But what I will not tolerate — and will sue in any territory where it is possible to do so — is the lie that I personally benefited financially from the campaign. The Charity Commission inquiry Palast refers to was occasioned by a referral from Tony Blair’s Attorney General. The commission are in possession of every receipt of funds and every cheque issues or bank transfer ever made. They satisfied that there was no malfeasance and closed the case without further action, no doubt to the disappointment of Mr Blair’s Attorney General. Charities in Britain cannot campaign politically, which was the prime function of the appeal and in their judgment the commission said that the operation should have been split in two, one arm of which, the one which provided the physical aid, should have registered as a charity. Well, sorry, but that’s poppycock.

The stumblebum then drags in Hitchens — perhaps it’s two bums finding mutual support — a man I recently debated in New York. For what seems like the ten-thousandth time let me try to finally nail the canard that I benefited through the oil-for-food programme, an allegation at the time of writing which has netted me at least $4 million in libel damages and costs. Of course, when I talked with Tariq Aziz, I talked about the programme, but only in respect of the effects it was having on Iraq. I did not request or receive oil vouchers. I did not benefit financially. Not by one thin dime! I said voluntarily and on pain of prosecution under oath to the US Senate committee — another body which doesn’t let the facts get in the way of a good smear — and I say it again. If I had been guilty of what Palast alleges I’d be sitting not in the House of Commons but a prison cell! Let that be an end to it because I’m sure the public is even more tired and bemused than I am.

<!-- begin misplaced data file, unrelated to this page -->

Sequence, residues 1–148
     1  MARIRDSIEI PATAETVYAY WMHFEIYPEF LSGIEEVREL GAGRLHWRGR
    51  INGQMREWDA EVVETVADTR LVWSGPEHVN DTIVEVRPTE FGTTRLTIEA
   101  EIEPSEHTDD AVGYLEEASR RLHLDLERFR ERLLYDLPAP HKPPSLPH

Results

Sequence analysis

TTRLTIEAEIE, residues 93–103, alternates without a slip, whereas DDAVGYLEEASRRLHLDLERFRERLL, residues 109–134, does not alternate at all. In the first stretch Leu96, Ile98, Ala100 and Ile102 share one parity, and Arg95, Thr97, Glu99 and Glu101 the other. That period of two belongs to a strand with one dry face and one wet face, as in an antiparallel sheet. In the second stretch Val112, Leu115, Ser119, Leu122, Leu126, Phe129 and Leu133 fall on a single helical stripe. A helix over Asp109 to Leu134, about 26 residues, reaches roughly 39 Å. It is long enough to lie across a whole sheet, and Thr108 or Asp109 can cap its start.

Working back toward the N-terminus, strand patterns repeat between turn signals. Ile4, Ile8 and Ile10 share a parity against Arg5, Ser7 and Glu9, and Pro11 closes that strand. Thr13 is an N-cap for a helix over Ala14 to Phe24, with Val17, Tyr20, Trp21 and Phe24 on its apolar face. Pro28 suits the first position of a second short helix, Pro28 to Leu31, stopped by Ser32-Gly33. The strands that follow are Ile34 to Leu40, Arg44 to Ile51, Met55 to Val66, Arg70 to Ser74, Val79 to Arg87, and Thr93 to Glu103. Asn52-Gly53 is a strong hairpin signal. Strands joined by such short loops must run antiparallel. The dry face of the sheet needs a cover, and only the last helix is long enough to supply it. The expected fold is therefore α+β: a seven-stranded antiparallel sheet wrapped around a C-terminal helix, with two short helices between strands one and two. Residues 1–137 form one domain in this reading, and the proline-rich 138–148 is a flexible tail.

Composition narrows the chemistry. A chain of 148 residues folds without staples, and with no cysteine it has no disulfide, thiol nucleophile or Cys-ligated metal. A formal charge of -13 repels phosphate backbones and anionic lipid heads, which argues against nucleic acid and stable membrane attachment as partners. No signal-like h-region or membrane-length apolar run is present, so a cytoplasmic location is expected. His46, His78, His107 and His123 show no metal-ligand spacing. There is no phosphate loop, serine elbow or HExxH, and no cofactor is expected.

Crawl back under your rock, Mr Palast!

George Galloway MP

Editor’s Note:

Here are links to other replies to Palast:
(Thanks to Phil Gasper)
Two very good responses to Greg Palast’s nasty attacks on Galloway:

http://www.dissidentvoice.org/Sept05/Raphael0918.htm

http://leninology.blogspot.com/2005/09/palasts-palimpsest.html

See also Todd Chretien’s blog on the main page of this blog – “C-SPAN, Scribblers and My Mother”
http://www.traprockpeace.org/george_galloway_tour/?p=10

And this editor’s comments, posted to some listservs:

Palast obviously has a vendetta going against Galloway and he’s writing daily against Galloway during the national tour. I don’t know why; I can only speculate.

I’ve read the attacks, and see such twists of logic that I can’t trust any of the substance on matters about which I am not familiar.

For example, it astounds me that Palast attacks Galloway – and says we should distance ourselves from him – because he is, as Palast puts it, “anti-choice.” The fact is that Galloway, who is Catholic, is not “anti-choice.” There is a world of difference between having personal feelings against abortion and being against a woman’s right to choose. Personal feelings are one thing, taking away someone’s else’s ability to make a choice is quite another.